Exxon’s guilty pleasure: Looting the planet for a quick buck
ExxonMobil, one of the largest and most profitable oil and gas companies in the world, has a complicated history when it comes to climate change. The company has been accused of knowingly downplaying the dangers of climate change for decades, even though Exxon had made accurate predictions about the impacts of fossil fuel use on the environment.
In the 1970s and 1980s, ExxonMobil’s own scientists conducted research on the potential impacts of carbon dioxide emissions on the climate. These studies, which were not made public at the time, concluded that burning fossil fuels would lead to warming of the planet and rising sea levels. Despite this knowledge, the company continued to invest heavily in fossil fuel assets, and actively worked to undermine efforts to address climate change.
In recent years, as the issue of climate change has become increasingly pressing, ExxonMobil has come under intense scrutiny for its past actions. The company even went to trial for a lawsuit claiming that Exxon was misleading investors about the risks of climate change. Despite this, the company has continued to operate its fossil fuel assets, and has even sold some of these assets to private equity firms.
One recent example of this is ExxonMobil’s sale of its Barnett Shale assets in Texas to a private equity firm BKV Corporation for $750 million in 2022. These assets, which include natural gas wells and pipelines, are known for their high carbon emissions, and will likely continue to operate for many years to come.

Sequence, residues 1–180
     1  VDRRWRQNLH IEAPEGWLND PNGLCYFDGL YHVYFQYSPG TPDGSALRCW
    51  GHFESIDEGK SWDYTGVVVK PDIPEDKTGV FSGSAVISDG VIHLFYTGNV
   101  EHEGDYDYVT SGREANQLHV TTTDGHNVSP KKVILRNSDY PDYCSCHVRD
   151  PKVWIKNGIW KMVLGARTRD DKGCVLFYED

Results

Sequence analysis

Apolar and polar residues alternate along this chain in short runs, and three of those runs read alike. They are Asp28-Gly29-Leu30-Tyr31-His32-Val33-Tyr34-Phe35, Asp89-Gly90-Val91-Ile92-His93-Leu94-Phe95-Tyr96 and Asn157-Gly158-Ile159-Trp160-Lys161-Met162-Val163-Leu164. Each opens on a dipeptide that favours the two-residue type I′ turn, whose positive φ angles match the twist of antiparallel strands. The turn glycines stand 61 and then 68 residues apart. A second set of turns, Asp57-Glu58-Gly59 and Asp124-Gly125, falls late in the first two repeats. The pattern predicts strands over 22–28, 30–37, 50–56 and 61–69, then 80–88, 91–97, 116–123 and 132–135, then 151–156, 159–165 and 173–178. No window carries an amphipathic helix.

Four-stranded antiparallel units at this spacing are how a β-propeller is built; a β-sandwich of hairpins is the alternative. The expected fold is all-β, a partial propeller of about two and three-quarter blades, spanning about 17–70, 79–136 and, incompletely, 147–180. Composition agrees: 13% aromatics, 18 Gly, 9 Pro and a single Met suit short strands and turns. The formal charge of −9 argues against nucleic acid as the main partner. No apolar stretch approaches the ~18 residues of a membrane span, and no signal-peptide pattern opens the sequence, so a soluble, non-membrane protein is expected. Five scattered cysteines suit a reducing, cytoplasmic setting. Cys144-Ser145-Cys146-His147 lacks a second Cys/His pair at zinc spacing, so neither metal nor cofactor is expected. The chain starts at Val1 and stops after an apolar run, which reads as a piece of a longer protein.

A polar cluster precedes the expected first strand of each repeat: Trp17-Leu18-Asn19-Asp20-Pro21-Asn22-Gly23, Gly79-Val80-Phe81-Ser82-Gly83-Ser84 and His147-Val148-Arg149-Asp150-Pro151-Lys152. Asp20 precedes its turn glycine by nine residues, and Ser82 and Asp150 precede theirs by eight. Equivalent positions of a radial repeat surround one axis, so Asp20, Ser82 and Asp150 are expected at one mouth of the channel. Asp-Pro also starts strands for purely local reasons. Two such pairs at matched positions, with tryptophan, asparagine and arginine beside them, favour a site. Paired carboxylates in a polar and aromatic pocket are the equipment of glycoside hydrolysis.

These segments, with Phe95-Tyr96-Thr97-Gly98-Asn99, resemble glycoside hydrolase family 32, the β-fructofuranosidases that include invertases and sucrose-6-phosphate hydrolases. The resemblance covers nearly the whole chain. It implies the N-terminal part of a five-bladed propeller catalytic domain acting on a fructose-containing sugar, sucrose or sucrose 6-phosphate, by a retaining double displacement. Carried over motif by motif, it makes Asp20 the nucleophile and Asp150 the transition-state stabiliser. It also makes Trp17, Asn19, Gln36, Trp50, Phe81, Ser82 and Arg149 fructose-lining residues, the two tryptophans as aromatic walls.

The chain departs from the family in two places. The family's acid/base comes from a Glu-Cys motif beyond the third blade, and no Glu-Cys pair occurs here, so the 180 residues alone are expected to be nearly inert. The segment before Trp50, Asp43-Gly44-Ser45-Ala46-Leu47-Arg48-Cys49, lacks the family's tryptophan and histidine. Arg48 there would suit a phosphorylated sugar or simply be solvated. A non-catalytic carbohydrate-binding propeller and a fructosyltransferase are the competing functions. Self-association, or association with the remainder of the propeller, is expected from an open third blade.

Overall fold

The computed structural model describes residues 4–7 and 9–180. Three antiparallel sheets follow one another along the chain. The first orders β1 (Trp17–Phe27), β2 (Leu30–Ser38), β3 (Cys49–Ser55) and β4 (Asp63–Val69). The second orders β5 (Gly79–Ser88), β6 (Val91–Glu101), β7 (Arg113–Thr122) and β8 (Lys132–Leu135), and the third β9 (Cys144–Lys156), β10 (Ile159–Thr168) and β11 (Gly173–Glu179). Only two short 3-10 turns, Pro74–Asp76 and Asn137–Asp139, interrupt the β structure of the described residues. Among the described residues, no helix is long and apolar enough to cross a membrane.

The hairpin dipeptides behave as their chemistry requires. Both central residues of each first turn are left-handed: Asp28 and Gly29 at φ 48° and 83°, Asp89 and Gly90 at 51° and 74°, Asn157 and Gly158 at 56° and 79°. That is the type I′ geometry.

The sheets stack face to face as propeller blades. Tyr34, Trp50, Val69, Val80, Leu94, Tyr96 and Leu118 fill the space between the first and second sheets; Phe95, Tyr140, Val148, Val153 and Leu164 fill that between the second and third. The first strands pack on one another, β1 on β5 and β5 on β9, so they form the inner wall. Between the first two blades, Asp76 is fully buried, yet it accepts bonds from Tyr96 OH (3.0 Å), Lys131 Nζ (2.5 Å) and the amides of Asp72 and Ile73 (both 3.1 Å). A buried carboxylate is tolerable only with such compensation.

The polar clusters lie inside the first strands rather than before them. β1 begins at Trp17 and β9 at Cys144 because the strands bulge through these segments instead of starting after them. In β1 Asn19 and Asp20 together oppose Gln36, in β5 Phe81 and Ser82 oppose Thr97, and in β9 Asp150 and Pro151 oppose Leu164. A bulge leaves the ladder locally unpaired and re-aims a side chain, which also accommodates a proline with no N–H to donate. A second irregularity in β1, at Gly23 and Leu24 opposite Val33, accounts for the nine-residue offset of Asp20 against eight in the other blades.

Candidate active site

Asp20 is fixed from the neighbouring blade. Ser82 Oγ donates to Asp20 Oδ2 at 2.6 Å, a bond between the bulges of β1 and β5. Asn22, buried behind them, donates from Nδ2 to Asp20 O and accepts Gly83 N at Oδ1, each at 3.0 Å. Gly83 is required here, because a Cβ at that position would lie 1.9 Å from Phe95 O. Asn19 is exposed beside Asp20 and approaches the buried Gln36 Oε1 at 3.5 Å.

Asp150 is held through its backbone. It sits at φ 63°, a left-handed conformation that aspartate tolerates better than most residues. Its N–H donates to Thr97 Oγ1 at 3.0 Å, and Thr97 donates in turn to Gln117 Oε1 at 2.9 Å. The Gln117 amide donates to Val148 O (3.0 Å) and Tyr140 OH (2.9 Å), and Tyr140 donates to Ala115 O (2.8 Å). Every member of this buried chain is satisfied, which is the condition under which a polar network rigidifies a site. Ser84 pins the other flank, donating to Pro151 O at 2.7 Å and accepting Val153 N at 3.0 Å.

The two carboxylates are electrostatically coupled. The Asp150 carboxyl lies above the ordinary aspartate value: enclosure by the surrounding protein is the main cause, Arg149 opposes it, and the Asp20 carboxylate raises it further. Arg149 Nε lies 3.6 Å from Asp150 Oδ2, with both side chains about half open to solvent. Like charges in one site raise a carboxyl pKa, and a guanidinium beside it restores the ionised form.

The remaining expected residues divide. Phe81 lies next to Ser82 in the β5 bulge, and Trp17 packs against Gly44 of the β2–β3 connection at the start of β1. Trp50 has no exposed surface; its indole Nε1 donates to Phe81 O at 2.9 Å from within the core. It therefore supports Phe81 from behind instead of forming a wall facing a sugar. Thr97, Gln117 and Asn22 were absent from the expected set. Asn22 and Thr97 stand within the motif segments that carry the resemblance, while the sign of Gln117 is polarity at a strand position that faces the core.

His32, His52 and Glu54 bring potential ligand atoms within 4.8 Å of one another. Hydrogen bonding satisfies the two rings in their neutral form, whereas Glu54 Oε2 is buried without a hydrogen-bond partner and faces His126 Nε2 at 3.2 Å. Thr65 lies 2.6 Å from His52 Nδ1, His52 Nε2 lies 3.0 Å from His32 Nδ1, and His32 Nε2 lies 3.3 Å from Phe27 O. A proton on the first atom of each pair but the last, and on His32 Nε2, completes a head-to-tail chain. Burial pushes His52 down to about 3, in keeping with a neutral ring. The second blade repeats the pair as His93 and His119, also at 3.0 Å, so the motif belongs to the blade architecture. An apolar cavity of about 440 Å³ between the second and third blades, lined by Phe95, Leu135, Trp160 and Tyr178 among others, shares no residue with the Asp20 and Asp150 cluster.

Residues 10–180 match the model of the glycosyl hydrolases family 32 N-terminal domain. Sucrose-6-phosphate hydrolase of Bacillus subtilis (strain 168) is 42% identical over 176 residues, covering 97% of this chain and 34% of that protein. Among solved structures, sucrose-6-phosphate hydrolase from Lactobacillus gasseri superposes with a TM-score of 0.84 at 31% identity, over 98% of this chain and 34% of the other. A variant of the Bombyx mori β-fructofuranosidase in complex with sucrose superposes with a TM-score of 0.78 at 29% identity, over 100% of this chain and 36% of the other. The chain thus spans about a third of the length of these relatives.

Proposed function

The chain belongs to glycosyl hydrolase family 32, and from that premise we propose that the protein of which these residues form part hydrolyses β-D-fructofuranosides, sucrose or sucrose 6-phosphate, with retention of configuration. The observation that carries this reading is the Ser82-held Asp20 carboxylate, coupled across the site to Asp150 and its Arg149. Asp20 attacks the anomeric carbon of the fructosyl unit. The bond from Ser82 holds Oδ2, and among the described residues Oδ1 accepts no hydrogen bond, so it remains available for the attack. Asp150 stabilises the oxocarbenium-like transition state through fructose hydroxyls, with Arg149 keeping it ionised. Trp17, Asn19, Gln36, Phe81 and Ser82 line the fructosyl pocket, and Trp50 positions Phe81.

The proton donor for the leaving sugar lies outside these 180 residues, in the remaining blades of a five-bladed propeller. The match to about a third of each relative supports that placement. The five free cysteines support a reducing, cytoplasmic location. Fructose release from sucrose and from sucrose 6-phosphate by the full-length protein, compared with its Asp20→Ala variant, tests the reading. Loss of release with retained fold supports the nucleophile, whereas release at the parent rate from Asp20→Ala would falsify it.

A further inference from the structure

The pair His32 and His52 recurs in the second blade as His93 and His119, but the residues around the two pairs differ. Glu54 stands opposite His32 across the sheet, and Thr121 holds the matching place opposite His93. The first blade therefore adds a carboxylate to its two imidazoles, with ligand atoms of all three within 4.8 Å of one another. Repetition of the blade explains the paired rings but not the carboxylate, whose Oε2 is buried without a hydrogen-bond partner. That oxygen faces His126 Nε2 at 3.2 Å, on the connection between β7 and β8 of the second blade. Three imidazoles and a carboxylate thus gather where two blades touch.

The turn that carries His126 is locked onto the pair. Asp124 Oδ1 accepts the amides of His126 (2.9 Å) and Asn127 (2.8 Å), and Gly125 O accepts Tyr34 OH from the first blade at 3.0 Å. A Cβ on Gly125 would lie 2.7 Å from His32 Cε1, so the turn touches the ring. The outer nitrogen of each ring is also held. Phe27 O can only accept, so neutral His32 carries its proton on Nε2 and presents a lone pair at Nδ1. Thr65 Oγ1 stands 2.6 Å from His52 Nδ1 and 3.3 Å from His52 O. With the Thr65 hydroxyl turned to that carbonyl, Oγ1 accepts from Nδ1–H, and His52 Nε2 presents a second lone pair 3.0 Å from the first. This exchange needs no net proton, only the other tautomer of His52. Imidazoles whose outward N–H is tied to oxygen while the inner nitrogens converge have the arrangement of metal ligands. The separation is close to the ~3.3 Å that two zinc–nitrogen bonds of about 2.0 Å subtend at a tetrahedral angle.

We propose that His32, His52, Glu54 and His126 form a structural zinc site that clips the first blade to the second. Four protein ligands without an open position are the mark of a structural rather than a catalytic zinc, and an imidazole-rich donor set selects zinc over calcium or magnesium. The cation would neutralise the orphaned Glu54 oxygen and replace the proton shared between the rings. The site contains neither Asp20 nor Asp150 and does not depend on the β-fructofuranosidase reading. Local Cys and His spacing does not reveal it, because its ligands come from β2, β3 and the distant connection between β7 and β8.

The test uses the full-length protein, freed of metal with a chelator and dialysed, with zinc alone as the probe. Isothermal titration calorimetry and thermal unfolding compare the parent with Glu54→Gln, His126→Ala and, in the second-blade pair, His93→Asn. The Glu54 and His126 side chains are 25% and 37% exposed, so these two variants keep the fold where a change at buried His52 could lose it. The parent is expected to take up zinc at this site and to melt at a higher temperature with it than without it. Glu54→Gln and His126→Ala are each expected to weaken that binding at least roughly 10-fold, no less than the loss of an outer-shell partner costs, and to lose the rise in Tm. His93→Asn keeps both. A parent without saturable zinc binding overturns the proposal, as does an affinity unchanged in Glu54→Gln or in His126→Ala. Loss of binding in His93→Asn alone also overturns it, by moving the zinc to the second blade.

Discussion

Another example occurred in 2017 when HitecVision-backed oil company Point Resources bought some of ExxonMobil’s Norway assets. This deal was concluded with the goal of unlocking the value of the assets, but it also means that these assets will continue to operate and emit carbon while operating with less scrutiny due to its private ownership. The Wall Street Journal reported that Point Resources would “increase its production from 60,000 barrels a day…to 80,000 barrels a day” and that most of the increase was a result of the purchase of ExxonMobil’s assets.
ExxonMobil’s decision to sell its fossil fuel assets to private equity firms, rather than responsibly decommissioning them and transitioning to cleaner forms of energy, is a clear indication of the company’s ongoing commitment to fossil fuels. While it’s true that ExxonMobil made accurate predictions about the impacts of climate change decades ago, the company’s continued operation and sale of high-carbon emissions assets suggests that it will continue to look past the gravity of the problem.
Exxon’s sale of its fossil assets into private equity hands documents a larger trend where oil and gas assets are transferred from public markets into the private markets, thereby masking emissions data and their negative effects away from public view. In a recent PESP analysis, PE firms were shown to have bought at least $25 billion in fossil fuel assets from public markets in the past two years alone. As publicly listed oil majors (such as ExxonMobil) succumb to public pressures regarding climate change, they are offloading less productive assets to claim reductions to their carbon footprint. However, this public-to-private trend is exacerbating the crisis as fossil fuel assets taken into the private markets tend to be at risk of weaker climate stewardship.